14. A similar naive submission was made at the bar on behalf of the respondents viz that if Exhibit D was passed in violation of principles of natural justice the respondents are today prepared to give a hearing before implementing the same. That is surely putting the cart before the horse. An effective hearing is required to be given and it is required to be a genuine and not a sham hearing. Such plea raises strong suspicion that there will be a mere pretence of a hearing followed by an order sustaining the earlier decision which was taken without hearing the affected party. If the decision of the Collector conveyed to the petitioners by Exhibit D is quashed, it will be open to the respondents to proceed under the appropriate available provisions in an appropriate manner and any decision by the Court quashing Exhibits D and E cannot restrict the powers which are possessed by the respondents. The only restriction must be that powers must be possessed and must be exercised as required by the rules and in conformity with the principles of natural justice.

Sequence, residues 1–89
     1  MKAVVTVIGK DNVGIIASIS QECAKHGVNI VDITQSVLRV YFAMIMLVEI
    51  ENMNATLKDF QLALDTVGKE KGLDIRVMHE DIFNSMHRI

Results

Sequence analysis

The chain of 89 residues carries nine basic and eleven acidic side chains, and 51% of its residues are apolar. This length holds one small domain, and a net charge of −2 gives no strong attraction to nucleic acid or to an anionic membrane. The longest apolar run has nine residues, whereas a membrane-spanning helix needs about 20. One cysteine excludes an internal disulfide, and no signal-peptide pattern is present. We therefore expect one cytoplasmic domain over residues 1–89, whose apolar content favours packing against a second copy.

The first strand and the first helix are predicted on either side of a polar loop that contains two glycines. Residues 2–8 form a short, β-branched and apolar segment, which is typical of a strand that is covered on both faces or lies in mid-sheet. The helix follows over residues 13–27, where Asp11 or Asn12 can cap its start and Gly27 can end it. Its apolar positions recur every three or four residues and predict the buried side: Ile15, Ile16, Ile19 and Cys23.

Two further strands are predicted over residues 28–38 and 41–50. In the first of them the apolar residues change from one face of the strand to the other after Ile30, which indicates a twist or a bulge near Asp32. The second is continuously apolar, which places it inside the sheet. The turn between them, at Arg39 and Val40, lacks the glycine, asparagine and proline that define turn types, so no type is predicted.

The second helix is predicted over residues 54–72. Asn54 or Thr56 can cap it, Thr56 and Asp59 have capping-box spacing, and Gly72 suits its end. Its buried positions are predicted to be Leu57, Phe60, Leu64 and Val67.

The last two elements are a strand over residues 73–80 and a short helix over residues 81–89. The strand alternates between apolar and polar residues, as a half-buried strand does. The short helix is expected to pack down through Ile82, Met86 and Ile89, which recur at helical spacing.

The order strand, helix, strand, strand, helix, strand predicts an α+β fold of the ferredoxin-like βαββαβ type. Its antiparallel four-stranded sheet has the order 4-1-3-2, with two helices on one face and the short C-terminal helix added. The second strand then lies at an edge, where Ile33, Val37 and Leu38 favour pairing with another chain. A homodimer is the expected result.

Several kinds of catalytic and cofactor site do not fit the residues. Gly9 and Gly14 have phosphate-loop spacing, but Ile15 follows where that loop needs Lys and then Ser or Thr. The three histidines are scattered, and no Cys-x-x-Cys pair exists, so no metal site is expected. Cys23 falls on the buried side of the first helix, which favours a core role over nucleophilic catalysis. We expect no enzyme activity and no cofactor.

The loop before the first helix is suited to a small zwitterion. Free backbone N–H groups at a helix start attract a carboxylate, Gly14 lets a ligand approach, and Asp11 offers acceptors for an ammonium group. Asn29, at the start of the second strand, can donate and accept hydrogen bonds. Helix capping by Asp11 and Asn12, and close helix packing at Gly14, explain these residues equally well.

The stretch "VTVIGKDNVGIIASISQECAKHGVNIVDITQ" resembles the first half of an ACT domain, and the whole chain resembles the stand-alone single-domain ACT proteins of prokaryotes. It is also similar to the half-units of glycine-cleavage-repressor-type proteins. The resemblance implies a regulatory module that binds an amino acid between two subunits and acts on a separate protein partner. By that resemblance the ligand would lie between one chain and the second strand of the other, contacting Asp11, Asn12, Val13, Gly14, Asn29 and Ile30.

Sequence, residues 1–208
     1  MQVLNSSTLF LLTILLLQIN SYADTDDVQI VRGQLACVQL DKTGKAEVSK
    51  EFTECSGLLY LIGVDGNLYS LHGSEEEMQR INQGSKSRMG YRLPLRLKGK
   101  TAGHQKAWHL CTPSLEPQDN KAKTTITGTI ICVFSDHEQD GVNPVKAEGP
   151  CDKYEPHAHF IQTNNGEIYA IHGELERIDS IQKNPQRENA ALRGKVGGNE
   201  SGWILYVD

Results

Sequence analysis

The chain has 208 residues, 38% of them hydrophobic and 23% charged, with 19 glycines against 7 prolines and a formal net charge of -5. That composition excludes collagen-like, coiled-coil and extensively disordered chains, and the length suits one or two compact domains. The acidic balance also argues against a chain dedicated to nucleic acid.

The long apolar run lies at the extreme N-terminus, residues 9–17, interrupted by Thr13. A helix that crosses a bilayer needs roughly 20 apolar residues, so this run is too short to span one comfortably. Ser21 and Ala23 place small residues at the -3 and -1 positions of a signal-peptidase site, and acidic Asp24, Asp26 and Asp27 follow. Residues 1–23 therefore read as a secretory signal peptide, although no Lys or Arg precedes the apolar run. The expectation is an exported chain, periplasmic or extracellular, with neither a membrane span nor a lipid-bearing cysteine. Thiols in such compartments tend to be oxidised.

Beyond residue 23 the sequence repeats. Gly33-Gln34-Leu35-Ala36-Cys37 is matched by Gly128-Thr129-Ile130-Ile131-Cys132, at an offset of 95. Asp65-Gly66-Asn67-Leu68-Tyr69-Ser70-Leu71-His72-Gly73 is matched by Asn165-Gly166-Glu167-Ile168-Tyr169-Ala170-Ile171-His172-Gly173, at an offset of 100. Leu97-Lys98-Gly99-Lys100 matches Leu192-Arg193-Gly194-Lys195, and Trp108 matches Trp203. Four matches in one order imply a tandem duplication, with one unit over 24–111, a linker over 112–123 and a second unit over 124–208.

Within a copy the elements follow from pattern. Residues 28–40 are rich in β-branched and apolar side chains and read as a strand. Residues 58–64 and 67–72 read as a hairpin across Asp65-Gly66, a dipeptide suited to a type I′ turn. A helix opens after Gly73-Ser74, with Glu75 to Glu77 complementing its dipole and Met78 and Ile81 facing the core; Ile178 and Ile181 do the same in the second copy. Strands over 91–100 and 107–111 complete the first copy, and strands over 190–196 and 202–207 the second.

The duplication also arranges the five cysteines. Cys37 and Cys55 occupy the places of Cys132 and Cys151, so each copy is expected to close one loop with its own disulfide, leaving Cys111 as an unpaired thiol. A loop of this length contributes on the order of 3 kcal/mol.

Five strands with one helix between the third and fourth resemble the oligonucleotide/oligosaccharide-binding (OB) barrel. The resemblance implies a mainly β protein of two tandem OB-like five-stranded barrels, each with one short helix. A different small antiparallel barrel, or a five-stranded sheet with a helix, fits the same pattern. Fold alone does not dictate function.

In the view that I have taken, I do not think it proper to express any (sic) merits of the demand.
In the result, the Rule is made absolute in terms of prayers (a) and (b).' This will be without prejudice to the right of the respondents to proceed further which can never be affected by such orders quashing improper orders and notices of demand.
15. The respondents will pay to the petitioners the costs of the petition quantified in accordance with the present rules at Rs. 300/- (three hundred).